Physical Quantities
Physical attributes that are measurable are known as Physical Quantities. A physical quantity always consists of a numerical magnitude and a unit. 
Examples of Physical Quantities
200 km 
12.3 dB 
23 Hz 
47.3 °C 
300 kN 
Accuracy of Measurement
Accuracy refers to the closeness of a measured value to a standard or known value. 
Precision
Precision refers to the closeness of two
or more measurements to each other. 
Random Errors
It occurs in all measurements.
It occurs whenever an observer estimates the last figure of a reading on an instrument.
Causes:
 human reaction time
 background noise
 mechanical vibrations
It cannot be predicted.
It can be reduced by taking large numbers of readings and averaging them. 
Systematic Errors
It is not random but constant.
It may cause an observer to consistently underestimate or overestimate a reading.
Causes:
 zero error of an instrument: any indication that a measuring system gives a false reading when the true value of a measured quantity is zero
It can be eliminated if we know the sources of the errors. 
Taking Measurements
Different measuring instruments are used for measuring different quantities. The choice of instrument will affect the precision of the measurement we obtain.
The precision of an instrument is usually equal to the smallest division of the instrument with a few exceptions such as the thermometer, ammeter and voltmeter. 


SI Units and Base Quantities
The International System of Units is the modern form of the metric system, and is the most widely used system of measurement.
It is comprised of a system of units built on seven base units. 
The Seven Base Units
Length 
metre 
m 
Mass 
kilogram 
kg 
Time 
second 
s 
Electric Current 
ampere 
A 
Temperature 
kelvin 
K 
Amount of Substance 
mole 
mol 
Luminous Intensity 
candela 
cd 
Definitions of Base Units
second 
The second, symbol s, is the SI unit of time. It is defined by taking the fixed numerical value of the caesium frequency ΔνCs, the unperturbed groundstate hyperfine transition frequency of the caesium133 atom, to be 9,192,631,770 when expressed in the unit Hz, which is equal to s^{−1}. 
metre 
The metre, symbol m, is the SI unit of length. It is defined by taking the fixed numerical value of the speed of light in vacuum c to be 299,792,458 when expressed in the unit m⋅s^{−1}, where the second is defined in terms of the caesium frequency ΔνCs. 
kilogram 
The kilogram, symbol kg, is the SI unit of mass. It is defined by taking the fixed numerical value of the Planck constant h to be 6.62607015×10^{−34} when expressed in the unit J⋅s, which is equal to kg⋅m^{2}⋅s^{−1}, where the metre and the second are defined in terms of c and ΔνCs. 
ampere 
The ampere, symbol A, is the SI unit of electric current. It is defined by taking the fixed numerical value of the elementary charge e to be 1.602176634×10^{−19} when expressed in the unit C, which is equal to A⋅s, where the second is defined in terms of ΔνCs.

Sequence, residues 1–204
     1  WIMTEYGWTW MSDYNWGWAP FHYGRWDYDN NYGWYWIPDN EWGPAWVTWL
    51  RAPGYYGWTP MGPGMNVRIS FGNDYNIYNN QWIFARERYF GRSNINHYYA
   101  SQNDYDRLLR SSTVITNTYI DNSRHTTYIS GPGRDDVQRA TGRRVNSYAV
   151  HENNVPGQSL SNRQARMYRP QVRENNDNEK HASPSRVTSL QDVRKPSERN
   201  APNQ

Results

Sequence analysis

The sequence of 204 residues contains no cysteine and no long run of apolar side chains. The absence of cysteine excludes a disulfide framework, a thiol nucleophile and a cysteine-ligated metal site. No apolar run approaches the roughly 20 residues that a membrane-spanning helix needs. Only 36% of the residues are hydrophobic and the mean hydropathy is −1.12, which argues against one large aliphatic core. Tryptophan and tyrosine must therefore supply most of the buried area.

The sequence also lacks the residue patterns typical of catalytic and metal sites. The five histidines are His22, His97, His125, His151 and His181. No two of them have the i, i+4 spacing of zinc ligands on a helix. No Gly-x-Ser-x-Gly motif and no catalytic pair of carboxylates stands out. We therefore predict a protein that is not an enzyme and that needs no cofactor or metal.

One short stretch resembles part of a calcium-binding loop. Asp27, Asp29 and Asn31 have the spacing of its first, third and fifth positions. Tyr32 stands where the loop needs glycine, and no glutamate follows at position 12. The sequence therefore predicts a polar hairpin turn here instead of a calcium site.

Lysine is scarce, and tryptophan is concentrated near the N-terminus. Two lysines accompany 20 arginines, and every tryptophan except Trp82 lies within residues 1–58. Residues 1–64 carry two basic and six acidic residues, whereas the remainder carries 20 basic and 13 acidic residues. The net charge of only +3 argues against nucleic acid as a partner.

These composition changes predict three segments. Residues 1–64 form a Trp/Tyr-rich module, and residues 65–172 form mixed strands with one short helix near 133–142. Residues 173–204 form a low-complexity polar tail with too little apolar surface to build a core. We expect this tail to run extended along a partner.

kelvin 
The kelvin, symbol K, is the SI unit of thermodynamic temperature. It is defined by taking the fixed numerical value of the Boltzmann constant k to be 1.380649×10^{−23} when expressed in the unit J⋅K^{−1}, which is equal to kg⋅m^{2}⋅s^{−2}⋅K^{−1}, where the kilogram, metre and second are defined in terms of h, c and ΔνCs. 
mole 
The mole, symbol mol, is the SI unit of amount of substance. One mole contains exactly 6.02214076×10 ^{23} elementary entities. This number is the fixed numerical value of the Avogadro constant, N A
, when expressed in the unit mol ^{−1} and is called the Avogadro number. The amount of substance, symbol n, of a system is a measure of the number of specified elementary entities. An elementary entity may be an atom, a molecule, an ion, an electron, any other particle or specified group of particles. 
candela 
The candela, symbol cd, is the SI unit of luminous intensity in a given direction. It is defined by taking the fixed numerical value of the luminous efficacy of monochromatic radiation of frequency 540×10^{12} Hz, Kcd, to be 683 when expressed in the unit lm⋅W^{−1}, which is equal to cd⋅sr⋅W^{−1}, or cd⋅sr⋅kg^{−1}⋅m^{−2}⋅s^{3}, where the kilogram, metre and second are defined in terms of h, c and ΔνCs. 
Not necessary information


Prefixes and Orders of Magnitude
The SI system also establishes a set of twenty prefixes to unit names and unit symbols
that may be used when specifying multiples and fractions of the units. This is useful for
expressing physical quantities that are either very big or very small. 
Table of Prefixes
yotta 
Y 
10^{24} 
zetta 
Z 
10^{21} 
exa 
E 
10^{18} 
peta 
P 
10^{15} 
tera 
T 
10^{12} 
giga 
G 
10^{9} 
mega 
M 
10^{6} 
kilo 
k 
10^{3} 
hecto 
h 
10^{2} 
deka 
da 
10^{1} 
deci 
d 
10^{1} 
centi 
c 
10^{2} 
milli 
m 
10^{3} 
micro 
μ 
10^{6} 
nano 
n 
10^{9} 
pico 
p 
10^{12} 
femto 
f 
10^{15} 
atto 
a 
10^{18} 
zepto 
z 
10^{21} 
yocto 
y 
10^{24} 
In OLevels, the only prefixes that you need to know are nano, micro, milli, centi, deci, kilo, mega and giga.
Examples of Orders of Magnitudes
3,900 YHz 
Highest energy gamma wave ray detected 
30.86 Zm 
One gigaparsec 
30 Eg 
Mass of the rings of Saturn 
30 PHz 
Frequency of an XRay 
9.461 Tm 
The distance light travels in a year 
0.3 Gm/s 
Speed of light in a vacuum 
12.742 Mm 
Diameter of the earth 
16.5 kN 
Bite force of a 5.2m Saltwater Crocodile 
2.4 hg 
Average mass of a grand piano 
7 dag 
Average mass of an adult human 
1.1 dJ 
Energy of an American halfdollar falling 1 metre 
1.6667 cHz 
1 rpm 
2.75 mm/s 
Fastest recorded speed of a snail 
0.3 μm/s 
Calculated speed of an amoeba (lower bound) 
1.6 nN 
Force required to break a typical covalent bond 
50 pK 
Lowest temperature produced 
1 fg 
Mass of a HIV1 virus 
1.65 ag 
Mass of doublestranded DNA molecule consisting of 1,578 base pairs 
3 zJ 
Energy of a van der Waals interaction between atoms 
0.000000000016 ym 
One Planck length 

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